The Bukowski Agency - All True Not a Lie in It - Excerpt
My Name is a Knife

a novel by Alix Hawley


My feet are skinned, I can run no more, I am sorry for it.…

I lie gasping, breathing mud. Here I am, I cannot run back. I cannot move as the sun beats me hard in the face. My eyelids crack open, my eyes burn, gnats come in a cloud for them. All night I have lain here. Two days and nights I have run. So much I have left.

The grassy smoky scent of skin, her skin, the sleeping mat in our house, the bark walls letting the night through. It was our house. Her eyes with creases in the skin round them like stars.

I groan and I have the sound of Daddy, my old Daddy in Carolina, your eye did not work either, it rolled about in your head. But you are not here, you are gone, you do not speak to me here and I do not feel you. I feel nothing but pain all through me. What else is behind me, what else will catch me, which of my ghosts follows holding my neck?

No. None. It is my eyes here, they are in my head in this place, my lower eye is blind with mud. I am here. I press the eye open against the earth, I wish to see. I cannot see her, I cannot see anything. She is not here I know, but I know they are behind me. If they kept to the Bullskin trail, they will be no more than a day behind. If they took time to gather more warriors and supplies, if they sent perhaps first to Detroit for British help, they will be some days yet. Perhaps some weeks, perhaps a month if luck holds, if I have any luck left down in my guts, perhaps there was some gold in the pebbles and dirt I have swallowed.

My guts stir, they will not hold, they go liquid. The river gagged me up miles from where I set out to cross. I limped down a few miles more before I could go no further. The fort, my fort, the dreadful place named for me, it is not far down from this great canebrake that snagged me, as I know. If it is still there and has not been burned to nothing.

I hold my guts in. In my mind I see the gate, I see myself walking to it, it is there. I know just how I look, filthy and starved, my hair half gone, my shirt lost, my feet swelled dead white with water and beaten into platters from running. White Indian, they will say. Or perhaps only Indian, with a bullet as a further greeting.

And oh God Rebecca, I am near you and the children now, whatever state you are in.

Gnat in my ear-hole. Mud in it. I pull my cheek up out of the sucking riverbank and crawl into the water to clean myself in some fashion. My finger bones ache. They are not young and they are all over bruised. I wash out my scratched eye, I take a little water to ease my cracked tongue. Once I have done what I can I crouch hidden in the cane and I listen.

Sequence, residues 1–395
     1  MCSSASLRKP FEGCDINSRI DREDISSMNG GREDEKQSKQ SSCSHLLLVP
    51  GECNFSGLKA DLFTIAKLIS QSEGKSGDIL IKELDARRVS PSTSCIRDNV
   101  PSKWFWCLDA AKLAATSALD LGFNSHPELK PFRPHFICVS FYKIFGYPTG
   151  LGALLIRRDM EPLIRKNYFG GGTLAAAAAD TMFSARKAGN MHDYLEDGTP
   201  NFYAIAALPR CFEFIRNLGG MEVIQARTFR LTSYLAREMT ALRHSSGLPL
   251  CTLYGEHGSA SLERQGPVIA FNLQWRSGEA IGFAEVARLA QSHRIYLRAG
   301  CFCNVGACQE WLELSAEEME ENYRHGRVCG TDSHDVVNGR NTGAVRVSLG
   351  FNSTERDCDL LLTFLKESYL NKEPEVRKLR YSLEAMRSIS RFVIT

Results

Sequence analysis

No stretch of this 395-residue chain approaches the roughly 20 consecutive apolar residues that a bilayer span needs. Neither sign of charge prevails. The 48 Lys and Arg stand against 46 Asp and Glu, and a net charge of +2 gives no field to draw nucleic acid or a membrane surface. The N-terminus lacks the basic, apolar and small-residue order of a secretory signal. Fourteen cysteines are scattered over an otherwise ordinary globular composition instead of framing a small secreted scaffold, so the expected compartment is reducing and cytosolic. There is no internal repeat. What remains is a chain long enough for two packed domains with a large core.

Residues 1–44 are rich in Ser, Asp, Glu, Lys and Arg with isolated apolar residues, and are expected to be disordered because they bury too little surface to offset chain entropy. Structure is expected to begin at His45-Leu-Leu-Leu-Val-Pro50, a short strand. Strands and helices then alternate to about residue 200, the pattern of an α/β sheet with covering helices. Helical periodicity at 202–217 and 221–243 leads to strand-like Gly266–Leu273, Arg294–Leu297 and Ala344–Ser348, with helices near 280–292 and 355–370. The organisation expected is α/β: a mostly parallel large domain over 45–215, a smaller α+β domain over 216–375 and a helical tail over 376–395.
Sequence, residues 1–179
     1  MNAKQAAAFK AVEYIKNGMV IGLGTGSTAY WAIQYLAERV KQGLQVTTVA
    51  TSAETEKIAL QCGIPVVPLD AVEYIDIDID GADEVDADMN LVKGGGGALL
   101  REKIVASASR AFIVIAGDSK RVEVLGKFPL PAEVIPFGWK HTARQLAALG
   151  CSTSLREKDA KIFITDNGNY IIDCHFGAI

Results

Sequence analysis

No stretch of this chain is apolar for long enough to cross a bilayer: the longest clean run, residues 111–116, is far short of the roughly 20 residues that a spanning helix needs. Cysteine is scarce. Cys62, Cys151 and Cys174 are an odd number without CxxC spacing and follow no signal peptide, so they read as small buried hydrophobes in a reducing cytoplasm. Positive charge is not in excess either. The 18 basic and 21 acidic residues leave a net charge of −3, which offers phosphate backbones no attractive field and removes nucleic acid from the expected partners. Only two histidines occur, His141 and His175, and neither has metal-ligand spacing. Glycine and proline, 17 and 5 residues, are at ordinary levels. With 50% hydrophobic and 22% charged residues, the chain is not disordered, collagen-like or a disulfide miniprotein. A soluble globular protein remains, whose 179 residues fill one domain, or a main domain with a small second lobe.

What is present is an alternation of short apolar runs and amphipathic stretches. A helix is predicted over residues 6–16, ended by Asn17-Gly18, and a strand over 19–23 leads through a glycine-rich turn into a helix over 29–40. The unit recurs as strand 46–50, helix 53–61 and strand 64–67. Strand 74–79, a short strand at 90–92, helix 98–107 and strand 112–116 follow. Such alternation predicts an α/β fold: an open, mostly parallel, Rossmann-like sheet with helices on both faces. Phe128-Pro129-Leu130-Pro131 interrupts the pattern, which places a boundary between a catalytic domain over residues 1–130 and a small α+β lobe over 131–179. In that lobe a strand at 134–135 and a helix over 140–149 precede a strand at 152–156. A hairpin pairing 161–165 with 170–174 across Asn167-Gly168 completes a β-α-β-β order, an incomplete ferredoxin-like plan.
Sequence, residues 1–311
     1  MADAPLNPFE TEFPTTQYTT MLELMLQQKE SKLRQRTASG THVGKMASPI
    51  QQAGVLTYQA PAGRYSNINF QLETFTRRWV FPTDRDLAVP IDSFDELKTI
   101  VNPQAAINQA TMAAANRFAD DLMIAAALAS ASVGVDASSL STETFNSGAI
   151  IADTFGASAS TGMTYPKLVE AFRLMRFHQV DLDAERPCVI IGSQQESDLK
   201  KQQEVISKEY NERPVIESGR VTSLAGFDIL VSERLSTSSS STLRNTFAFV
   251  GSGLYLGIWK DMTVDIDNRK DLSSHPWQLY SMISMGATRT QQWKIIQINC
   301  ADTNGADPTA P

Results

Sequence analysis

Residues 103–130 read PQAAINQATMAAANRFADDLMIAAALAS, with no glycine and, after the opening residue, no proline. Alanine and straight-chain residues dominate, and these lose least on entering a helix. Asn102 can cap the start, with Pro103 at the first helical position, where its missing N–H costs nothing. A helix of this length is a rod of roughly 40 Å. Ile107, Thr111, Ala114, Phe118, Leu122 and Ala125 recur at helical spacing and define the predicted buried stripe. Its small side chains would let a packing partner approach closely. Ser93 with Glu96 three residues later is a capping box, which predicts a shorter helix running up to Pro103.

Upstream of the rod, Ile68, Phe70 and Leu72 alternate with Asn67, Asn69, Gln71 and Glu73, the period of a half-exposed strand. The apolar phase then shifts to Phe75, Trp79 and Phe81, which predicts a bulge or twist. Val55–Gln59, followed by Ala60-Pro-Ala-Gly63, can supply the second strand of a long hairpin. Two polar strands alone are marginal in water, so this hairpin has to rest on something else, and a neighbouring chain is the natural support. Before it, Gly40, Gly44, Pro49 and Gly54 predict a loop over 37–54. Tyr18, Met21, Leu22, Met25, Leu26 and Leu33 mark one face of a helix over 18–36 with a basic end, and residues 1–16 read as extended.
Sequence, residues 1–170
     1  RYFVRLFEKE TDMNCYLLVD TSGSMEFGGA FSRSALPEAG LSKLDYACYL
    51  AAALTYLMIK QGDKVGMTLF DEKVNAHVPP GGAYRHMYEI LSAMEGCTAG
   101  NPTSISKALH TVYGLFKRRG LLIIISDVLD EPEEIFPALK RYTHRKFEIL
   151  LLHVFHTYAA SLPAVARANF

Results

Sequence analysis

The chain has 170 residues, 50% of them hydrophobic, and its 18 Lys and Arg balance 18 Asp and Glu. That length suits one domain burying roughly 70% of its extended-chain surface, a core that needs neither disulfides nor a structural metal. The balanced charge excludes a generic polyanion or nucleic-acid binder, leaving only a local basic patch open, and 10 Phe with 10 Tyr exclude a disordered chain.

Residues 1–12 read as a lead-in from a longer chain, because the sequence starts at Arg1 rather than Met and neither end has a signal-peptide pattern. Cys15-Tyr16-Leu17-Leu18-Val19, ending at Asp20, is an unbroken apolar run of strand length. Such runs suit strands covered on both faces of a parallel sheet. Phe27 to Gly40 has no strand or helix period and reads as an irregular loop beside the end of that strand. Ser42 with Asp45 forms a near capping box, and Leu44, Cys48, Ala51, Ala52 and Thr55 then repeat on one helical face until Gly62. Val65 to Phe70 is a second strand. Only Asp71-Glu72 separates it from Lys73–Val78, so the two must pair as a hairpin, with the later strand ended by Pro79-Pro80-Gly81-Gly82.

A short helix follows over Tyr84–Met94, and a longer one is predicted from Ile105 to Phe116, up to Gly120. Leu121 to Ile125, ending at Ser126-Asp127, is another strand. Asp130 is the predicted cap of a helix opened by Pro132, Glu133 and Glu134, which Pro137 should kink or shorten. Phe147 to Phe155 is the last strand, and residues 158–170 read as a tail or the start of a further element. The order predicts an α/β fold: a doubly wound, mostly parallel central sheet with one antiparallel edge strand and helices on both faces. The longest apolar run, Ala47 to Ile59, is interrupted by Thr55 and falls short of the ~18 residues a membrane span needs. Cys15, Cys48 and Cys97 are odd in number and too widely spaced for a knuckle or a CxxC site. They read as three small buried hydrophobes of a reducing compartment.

A hum. A rhythm. Walking.

Someone just downriver, up the high bank above the brake. I know I will have to call. I muster my voice and I cry out Hey, but it soon becomes a cough.

–Who is it?

English. No Shawnee words, no soft Shawnee tone. The snap of a gun lock, a hard yell, Here, the rushing of legs. My dried lips say:


–Where are you? Answer.

–You know me.


I cough again, I say it. I say my name, my old name, though I hardly want its taste in my mouth:


A hesitation. Still I cannot see the man but I know he has stopped. I hear him rummaging about himself for a moment. Then a silence. Very careful he speaks:

–You said Boone?

–Yes, yes. Do not shoot me now for God's sake.

He is crashing down the bank into the brake like a great, mad dog. I do not move. His gun shoves through the cane at me first, then his face comes with a bullet between his teeth.

–Flanders. Flanders.

My daughter's husband, long-necked and big-eyed as ever before, still with the look of a baby bird, as though no time has gone and nothing at all has changed. His mouth opens, the lead rolls on his tongue. He spits it into his hand and says:

–Jesus, Sir. Bless your soul. Christ almighty.


His face is all astonishment. I say:

–And—your wife—

I cannot force my girl's name past my teeth. My throat strains at it. Jemima. So many times I have seen her dead in my mind, her and my wife and all the rest. He says:

–Jemima is up at the fort.

–The fort.

–We are not far.

I laugh though my laughing is half panting, I say:

–I know where we are. It is standing?

Flanders crouches to hear me, and staring he says:


He looks up the bank now. I hear them also, the quick steps coming along the bank from the fort. No ghosts. No. They will have heard him yell. Down they crunch through the broken cane. All eyes, all faces I know, boiling up with rage, swelling with it like dried fish in a pot. Dick Callaway is first with his flattened-down hair and his old militia jacket. His gun nuzzles at my ear all loving. I force myself to say:

–How do, Dick. In a red coat too.

–You bastard, who do you think you are? Back here alive.

I am struck with a fit of coughing. I manage to say:

–Am I alive?

The gun butts my cheek.

–What did you say Boone?

This from Old Dick. I can do nothing but laugh again, then I cough. The water in my lungs does not wish to leave me. Flanders crouches to thump my back and haul me upright. Old Dick has not lowered his gun. I see his grey eye glint like a pearl out of the dull squinting flesh around it. I breathe in to try again to speak, but he says:

–Shut your talk. No more lies.

He bangs my ribs with the gunstock. Flanders drops his thin arm from mine. My lungs rattle and froth and, before I fall, the words burst from them:

–Tell her, tell my wife I am here, tell her they are coming, tell her what they are going to do—




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